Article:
By Sekou Smith, NBA.com
An established coach. An All-Star big man. A solid roster and a top-five defense. All those things contributed to the Orlando Magic’s breakthrough season a year ago, when they snuck into the playoffs and then put an early scare into Toronto on the Raptors’ way to a championship parade. It worked last season for Steve Clifford’s crew. So why mess with the winning formula? But whether or not staying the course is enough to keep them in the Eastern Conference playoff mix requires internal growth from several members of the team’s young core group.
The Magic kept All-Star center Nikola Vucevic in free agency with a four-year, $100 million deal, keeping the same starting five that propelled them to the playoffs … Veteran forward Al-Farouq Aminu signed a three-year, $29 million deal with Magic, adding another long and athletic forward to a roster filled with several players in the mold. Aminu was a great fit in Portland but will play off the bench with the Magic … Former Kia Rookie of the Year and backup point guard Michael Carter-Williams re-signed in the offseason on a one-year deal and backup center Khem Birch also re-signed on a two-year deal … The Magic selected Auburn forward Chuma Okeke with the 16th pick in the June Draft. But he’ll spend his rookie season in Lakeland, Fla., with the team’s G League team rehabilitating the torn ACL he suffered during the Tigers’ NCAA Tournament run. Basically, he’ll be redshirting this season with no pressure to try and join the Magic ...
1. Investing in the future. In a sign that they like the player development work that’s going on with former No. 1 overall pick Markelle Fultz, the Magic picked up the contract option on Fultz (and young bigs Jonathan Isaac and Mo Bamba, too). You expected it for Isaac and Bamba, the Magic’s last two lottery picks. The decision on Fultz suggests the Magic believe he still has some of the star potential that made him the top pick in his Draft. Time will tell if they’re right.
2. All-Star representation. The All-Star ballots won’t be out for a while, but the Magic already have some confirmed representation for the league’s annual showcase. A rematch of the 2016 instant classic dunk contest between Gordon and Chicago’s Zach LaVine, on LaVine’s home court at the United Center, would be a spectacle on its own. But if the field included a wild card like New Orleans rookie Zion Williamson, among others, things could get really interesting. Gordon, of course, has designs on attending All-Star weekend and participating in Sunday’s (Monday, PHL time) affair as well.
3. Health matters. If availability is as crucial to success as most coaches preach, the Magic enjoyed the full benefits of their top six players staying on the active list as much as they did a year ago. Their top six players -- D.J. Augustin, Evan Fournier, Terrence Ross, Gordon, Isaac and Vucevic -- missed a combined 16 games, with Isaac accounting for seven of those. Having that sort of good health allows for continuity and the development of chemistry that was desperately needed in the first season with a new coaching staff.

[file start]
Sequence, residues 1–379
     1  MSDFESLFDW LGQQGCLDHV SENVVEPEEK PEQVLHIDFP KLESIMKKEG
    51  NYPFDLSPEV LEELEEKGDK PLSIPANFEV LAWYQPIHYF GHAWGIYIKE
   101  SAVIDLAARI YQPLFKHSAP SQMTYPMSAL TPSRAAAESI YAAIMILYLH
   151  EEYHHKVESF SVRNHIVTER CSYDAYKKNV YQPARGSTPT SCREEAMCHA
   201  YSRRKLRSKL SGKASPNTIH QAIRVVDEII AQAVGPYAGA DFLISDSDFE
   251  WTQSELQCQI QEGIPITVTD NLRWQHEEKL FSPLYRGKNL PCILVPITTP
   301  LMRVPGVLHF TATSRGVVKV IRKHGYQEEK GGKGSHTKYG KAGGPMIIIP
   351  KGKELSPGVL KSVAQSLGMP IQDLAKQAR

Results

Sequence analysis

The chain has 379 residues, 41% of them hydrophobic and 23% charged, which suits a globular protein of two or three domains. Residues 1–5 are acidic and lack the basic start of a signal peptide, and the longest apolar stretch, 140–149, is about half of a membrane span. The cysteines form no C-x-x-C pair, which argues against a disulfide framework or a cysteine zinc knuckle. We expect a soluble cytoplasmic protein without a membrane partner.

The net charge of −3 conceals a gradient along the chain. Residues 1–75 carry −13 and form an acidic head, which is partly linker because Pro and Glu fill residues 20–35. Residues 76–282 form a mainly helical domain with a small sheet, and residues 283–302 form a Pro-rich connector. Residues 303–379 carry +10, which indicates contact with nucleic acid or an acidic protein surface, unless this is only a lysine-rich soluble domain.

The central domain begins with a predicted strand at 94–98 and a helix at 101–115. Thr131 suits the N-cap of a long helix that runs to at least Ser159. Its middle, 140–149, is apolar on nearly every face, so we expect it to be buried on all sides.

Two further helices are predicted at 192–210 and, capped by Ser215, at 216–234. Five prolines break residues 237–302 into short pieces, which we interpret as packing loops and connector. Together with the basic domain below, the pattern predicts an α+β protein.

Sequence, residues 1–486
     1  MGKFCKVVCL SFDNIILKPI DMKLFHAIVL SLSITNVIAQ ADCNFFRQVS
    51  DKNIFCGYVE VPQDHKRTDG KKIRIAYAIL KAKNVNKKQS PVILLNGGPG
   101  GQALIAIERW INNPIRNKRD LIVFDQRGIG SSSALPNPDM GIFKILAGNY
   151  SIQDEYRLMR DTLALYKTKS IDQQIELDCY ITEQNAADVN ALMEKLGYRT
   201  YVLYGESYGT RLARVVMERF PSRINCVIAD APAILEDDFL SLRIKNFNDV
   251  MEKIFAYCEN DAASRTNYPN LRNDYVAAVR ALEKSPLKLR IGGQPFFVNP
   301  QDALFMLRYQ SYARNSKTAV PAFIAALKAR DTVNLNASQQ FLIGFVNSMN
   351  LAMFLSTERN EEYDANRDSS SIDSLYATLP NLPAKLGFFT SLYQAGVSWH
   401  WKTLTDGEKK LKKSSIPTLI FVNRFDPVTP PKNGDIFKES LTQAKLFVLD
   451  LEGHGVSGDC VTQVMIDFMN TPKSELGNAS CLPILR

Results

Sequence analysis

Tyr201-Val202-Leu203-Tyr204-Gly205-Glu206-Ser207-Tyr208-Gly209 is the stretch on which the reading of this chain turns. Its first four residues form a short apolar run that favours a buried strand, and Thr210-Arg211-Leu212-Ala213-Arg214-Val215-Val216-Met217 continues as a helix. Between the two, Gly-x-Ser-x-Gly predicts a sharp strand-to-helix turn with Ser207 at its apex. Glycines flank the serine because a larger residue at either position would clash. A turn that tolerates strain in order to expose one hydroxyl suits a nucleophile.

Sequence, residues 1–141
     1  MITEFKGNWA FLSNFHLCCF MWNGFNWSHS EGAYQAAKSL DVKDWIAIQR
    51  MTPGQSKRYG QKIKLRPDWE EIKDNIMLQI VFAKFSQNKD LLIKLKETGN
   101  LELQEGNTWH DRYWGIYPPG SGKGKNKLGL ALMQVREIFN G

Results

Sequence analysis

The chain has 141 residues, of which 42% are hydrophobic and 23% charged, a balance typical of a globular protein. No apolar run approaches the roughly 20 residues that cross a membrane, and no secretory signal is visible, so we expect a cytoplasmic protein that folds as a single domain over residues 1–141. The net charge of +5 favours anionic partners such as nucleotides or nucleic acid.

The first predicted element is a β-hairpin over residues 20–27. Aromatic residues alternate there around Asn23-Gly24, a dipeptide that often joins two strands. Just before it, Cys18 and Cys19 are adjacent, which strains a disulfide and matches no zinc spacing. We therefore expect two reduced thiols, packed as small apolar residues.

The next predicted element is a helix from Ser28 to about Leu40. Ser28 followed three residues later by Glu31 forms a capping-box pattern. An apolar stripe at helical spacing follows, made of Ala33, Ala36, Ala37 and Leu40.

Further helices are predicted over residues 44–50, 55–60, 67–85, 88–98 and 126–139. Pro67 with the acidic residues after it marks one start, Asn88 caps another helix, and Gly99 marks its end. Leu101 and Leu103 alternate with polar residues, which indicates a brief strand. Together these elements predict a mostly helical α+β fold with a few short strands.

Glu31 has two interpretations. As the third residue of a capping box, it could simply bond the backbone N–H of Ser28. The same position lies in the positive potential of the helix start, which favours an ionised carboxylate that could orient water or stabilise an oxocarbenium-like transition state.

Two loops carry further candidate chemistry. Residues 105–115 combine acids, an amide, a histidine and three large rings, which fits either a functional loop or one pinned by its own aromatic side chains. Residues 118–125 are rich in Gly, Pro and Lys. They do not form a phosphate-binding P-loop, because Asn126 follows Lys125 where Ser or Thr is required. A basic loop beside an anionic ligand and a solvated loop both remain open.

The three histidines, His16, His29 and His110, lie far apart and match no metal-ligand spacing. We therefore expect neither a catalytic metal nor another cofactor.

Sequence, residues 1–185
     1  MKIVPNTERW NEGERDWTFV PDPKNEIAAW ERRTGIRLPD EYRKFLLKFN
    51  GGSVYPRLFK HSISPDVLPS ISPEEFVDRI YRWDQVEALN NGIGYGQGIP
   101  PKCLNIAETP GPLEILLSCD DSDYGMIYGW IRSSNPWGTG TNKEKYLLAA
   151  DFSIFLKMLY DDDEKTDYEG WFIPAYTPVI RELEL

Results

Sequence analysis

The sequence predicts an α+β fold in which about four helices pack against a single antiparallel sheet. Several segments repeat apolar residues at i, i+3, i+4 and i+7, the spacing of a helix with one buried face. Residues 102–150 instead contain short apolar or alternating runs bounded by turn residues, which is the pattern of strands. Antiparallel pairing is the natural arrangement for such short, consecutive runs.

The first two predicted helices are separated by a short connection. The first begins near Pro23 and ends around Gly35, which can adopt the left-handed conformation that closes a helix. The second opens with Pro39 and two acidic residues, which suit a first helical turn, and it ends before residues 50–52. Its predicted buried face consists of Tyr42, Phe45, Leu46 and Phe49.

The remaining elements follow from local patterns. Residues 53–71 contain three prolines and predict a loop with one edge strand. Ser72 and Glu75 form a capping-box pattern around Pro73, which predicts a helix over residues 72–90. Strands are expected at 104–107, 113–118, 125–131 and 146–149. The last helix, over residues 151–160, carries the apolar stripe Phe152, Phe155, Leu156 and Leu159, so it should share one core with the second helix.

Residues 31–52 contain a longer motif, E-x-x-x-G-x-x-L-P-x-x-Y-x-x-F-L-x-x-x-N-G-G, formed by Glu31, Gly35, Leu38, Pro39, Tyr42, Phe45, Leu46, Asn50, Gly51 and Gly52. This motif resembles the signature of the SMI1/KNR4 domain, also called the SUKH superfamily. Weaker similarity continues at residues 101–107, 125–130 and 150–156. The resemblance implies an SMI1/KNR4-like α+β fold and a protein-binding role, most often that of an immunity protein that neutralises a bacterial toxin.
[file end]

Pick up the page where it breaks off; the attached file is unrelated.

MAN ON THE SPOT
Since the Magic didn’t make any big moves in the offseason, their improvement has to come from someone on the roster adding a wrinkle or two to their game. Jonathan Isaac showed considerable improvement from his rookie season and figures to have taken another giant step after starting 64 games last season. That first taste of the playoffs provided him with a little extra education on where his game can go if he stays on track and keeps grinding. If Issac develops the skills to match his physical talents, watch out.
D.J. Augustin | 11.7 ppg, 2.5 rpg, 5.3 apg
Steadying presence is the sort of no-nonsense floor leader that thrives under Clifford.
Evan Fournier | 15.1 ppg, 3.2 rpg, 3.6 apg
Has made the necessary adjustments to his game in recent seasons to be a more complete two-way player.
Aaron Gordon | 16.1 ppg, 7.4 rpg, 3.7 apg
Quieted early-career concerns about his game by polishing his perimeter skills.
Jonathan Isaac | 9.6 ppg, 5.5 rpg, 1.1 apg
It’s time for a giant step in his overall development, after incremental steps up to this point.
Nikola Vucevic | 20.8 ppg, 12.0 rpg, 3.8 apg
Vucevic is an ideal inside-outside fit for Clifford’s system.
Terrence Ross | 15.1 ppg, 3.5 rpg, 1.7 apg
Could probably start for most teams but is a solid sixth man in Orlando.
Mo Bamba | 6.2 ppg, 5.0 rpg, 1.4 apg
Potential defensive menace must continue to add strength and fill out his frame.
Wes Iwundu | 5.0 ppg, 2.7 rpg, 1.1 apg
Provided quality minutes off the bench and will have to do more of the same this season.
THE BOTTOM LINE
The Magic should be even better than they were last season, but there’s no guarantee they make the playoffs again in a reshuffled Eastern Conference. So much depends on the internal progress made by Isaac, Bamba and even Gordon, who still hasn’t reached his full potential. The wild card here, of course, is Fultz. If he’s got half of what was expected of him when Philadelphia made him the No. 1 overall pick in 2017, the Magic could make a run at a second straight division title.
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